Humanist Humility

One of the most persistent cliches about humanists is that we are human-o-centric and egotistical. It is true that the term “humanist” sounds like a wild claim for the abilities of the human. It’s also true that humanism contained some rah-rah for human progress a century ago. But it’s good to remember that humanists accept [Read More…]

What’s the Beef with Purple Cows? On Logos and Mythos

What’s the difference between a poem and a mathematical equation? Say, between Einstein’s E=MC2 and what is purported to be the shortest poem, “Lines on the Antiquity of Microbes,” but better known as “Fleas” by Strickland Gillian: Adam Had ‘em. Though I am innumerate, I understand that equations may be good math or not and [Read More…]

Cutting Some Slack for Integrity

Reformers. Protestants. Heretics. Loudmouths. William Tyndale’s (1494-1536) crime was translating the bible into English. Tyndale said, I defy the Pope and all his laws. If God spare my life, ere many years I will cause se a boy that drives the plow to know more scripture than he (the Pope) does. God—or at least the authorities [Read More…]

Cheap Grace and Humanist Ritual, Part II

God must be replaced with a symbol capable of generating a different and more productive response and organizational pattern to life. Anthony B. Pinn, The End of God Talk: an African American Humanist Theology I. Christian theologian Dietrich Bonhoeffer said, “cheap grace is the preaching of forgiveness without requiring repentance, baptism without church discipline. Communion [Read More…]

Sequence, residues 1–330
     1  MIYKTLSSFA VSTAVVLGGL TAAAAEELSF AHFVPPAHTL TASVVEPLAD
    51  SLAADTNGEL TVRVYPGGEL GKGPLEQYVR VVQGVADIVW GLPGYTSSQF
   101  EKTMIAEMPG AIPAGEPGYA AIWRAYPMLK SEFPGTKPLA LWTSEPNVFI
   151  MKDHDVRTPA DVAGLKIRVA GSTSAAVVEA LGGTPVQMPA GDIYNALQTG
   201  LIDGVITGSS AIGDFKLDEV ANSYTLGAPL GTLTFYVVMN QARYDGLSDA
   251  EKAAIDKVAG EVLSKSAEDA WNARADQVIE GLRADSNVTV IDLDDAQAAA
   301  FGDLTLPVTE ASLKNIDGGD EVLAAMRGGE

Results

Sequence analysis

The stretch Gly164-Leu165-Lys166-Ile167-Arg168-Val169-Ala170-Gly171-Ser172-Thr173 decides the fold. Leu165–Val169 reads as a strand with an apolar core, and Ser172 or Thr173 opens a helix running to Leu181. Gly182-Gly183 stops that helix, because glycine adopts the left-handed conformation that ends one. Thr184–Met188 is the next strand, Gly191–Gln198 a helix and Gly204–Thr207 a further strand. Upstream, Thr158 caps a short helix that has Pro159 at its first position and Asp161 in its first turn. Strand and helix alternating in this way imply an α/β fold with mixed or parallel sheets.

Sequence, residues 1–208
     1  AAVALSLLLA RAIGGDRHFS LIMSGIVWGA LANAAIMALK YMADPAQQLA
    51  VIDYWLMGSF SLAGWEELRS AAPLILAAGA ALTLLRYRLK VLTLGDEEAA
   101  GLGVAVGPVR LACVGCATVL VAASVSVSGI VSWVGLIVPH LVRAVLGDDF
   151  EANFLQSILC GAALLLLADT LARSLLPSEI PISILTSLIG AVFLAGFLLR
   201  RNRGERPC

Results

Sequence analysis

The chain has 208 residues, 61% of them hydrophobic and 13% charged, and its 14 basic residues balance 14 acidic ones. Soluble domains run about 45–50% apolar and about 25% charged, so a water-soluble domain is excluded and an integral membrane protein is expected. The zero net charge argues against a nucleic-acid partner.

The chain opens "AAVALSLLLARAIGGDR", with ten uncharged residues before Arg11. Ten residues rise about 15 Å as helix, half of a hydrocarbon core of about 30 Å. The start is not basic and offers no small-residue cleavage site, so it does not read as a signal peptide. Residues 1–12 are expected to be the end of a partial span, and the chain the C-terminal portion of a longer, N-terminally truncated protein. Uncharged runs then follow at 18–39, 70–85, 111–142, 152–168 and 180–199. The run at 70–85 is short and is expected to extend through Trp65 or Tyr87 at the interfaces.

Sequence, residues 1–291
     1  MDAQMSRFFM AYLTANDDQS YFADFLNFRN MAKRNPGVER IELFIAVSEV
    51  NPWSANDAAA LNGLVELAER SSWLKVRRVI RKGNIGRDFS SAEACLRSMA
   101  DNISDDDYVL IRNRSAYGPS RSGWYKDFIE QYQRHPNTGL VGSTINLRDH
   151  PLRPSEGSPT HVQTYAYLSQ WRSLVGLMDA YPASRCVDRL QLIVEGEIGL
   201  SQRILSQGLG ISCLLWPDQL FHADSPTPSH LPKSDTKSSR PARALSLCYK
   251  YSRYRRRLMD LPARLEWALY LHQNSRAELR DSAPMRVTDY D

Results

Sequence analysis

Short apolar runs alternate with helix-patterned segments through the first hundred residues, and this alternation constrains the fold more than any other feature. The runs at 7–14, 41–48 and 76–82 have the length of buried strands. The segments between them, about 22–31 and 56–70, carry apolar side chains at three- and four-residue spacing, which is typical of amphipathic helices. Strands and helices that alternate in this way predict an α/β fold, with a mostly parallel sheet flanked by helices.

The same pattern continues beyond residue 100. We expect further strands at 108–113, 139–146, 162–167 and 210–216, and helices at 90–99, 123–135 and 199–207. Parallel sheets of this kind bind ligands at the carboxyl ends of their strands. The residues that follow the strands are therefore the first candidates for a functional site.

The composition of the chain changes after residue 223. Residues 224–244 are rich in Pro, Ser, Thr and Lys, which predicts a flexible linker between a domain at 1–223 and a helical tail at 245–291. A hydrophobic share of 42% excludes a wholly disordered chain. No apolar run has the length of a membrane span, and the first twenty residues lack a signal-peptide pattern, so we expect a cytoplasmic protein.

Humanist Ritual, Part One

God must be replaced with a symbol capable of generating a different and more productive response and organizational pattern to life. Anthony B. Pinn, The End of God Talk: an African American Humanist Theology I. One thing we know about ritual is that we can’t escape it. From shaking hands to respectful calm in the [Read More…]

#Humanism: Who We Are; What We Do; Why It Matters

I. Who We Are Religions and philosophies serve as heuristic devices for life, providing shape and meaning to what otherwise may seem a shapeless, chaotic rush. For some, religious views are chosen by birth or circumstance, for others religions are a matter of passing indifference in the rush toward the goals of a given social [Read More…]

The heartwork of coming alive

“Under all the harsh noise of the world coming in on us, this is how the things that last move: a small wave from the deep moves us on and the more we’re moved, the more we bend and bow and reach for each other. Our very life is the ground of practice by which [Read More…]

On Prayer

Emily Dickinson wrote, Of Course I prayed And did God Care? He cared as much as on the Air A Bird had stampd her foot And cried “Give Me” (#376) I grew up in a praying family. My parents both got on their knees at bedtime and earnestly prayed. We prayed before each meal: a [Read More…]

Love Thy Neighbor As . . . 

There’s an old Buddhist story that goes like this: Once a mother found her baby extremely ill. She was afraid it would die. She had heard that the Buddha was teaching nearby, so she grabbed up her baby and rushed to the Buddha to ask that her baby be healed. “Why do you want your [Read More…]

Relax: #Humanism Is Not Mack the Knife 

Small Humanist groups are popping up and organizing around the US, some as independent groups, some as interest groups within larger Unitarian Universalist congregations. This movement has drawn some interesting reactions . . . I know these reactions well, because one of the oddities about my position as a minister at First Unitarian Society of [Read More…]